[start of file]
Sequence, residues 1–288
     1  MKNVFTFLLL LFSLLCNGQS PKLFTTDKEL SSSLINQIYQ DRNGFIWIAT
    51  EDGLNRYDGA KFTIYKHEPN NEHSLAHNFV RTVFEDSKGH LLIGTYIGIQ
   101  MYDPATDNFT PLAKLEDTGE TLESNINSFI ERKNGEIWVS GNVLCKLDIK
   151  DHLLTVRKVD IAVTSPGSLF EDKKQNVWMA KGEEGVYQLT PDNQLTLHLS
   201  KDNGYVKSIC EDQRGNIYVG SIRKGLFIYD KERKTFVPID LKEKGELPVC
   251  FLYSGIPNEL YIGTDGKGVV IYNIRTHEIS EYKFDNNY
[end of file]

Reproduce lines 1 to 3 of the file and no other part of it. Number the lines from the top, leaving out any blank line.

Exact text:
Sequence, residues 1–288
     1  MKNVFTFLLL LFSLLCNGQS PKLFTTDKEL SSSLINQIYQ DRNGFIWIAT
    51  EDGLNRYDGA KFTIYKHEPN NEHSLAHNFV RTVFEDSKGH LLIGTYIGIQ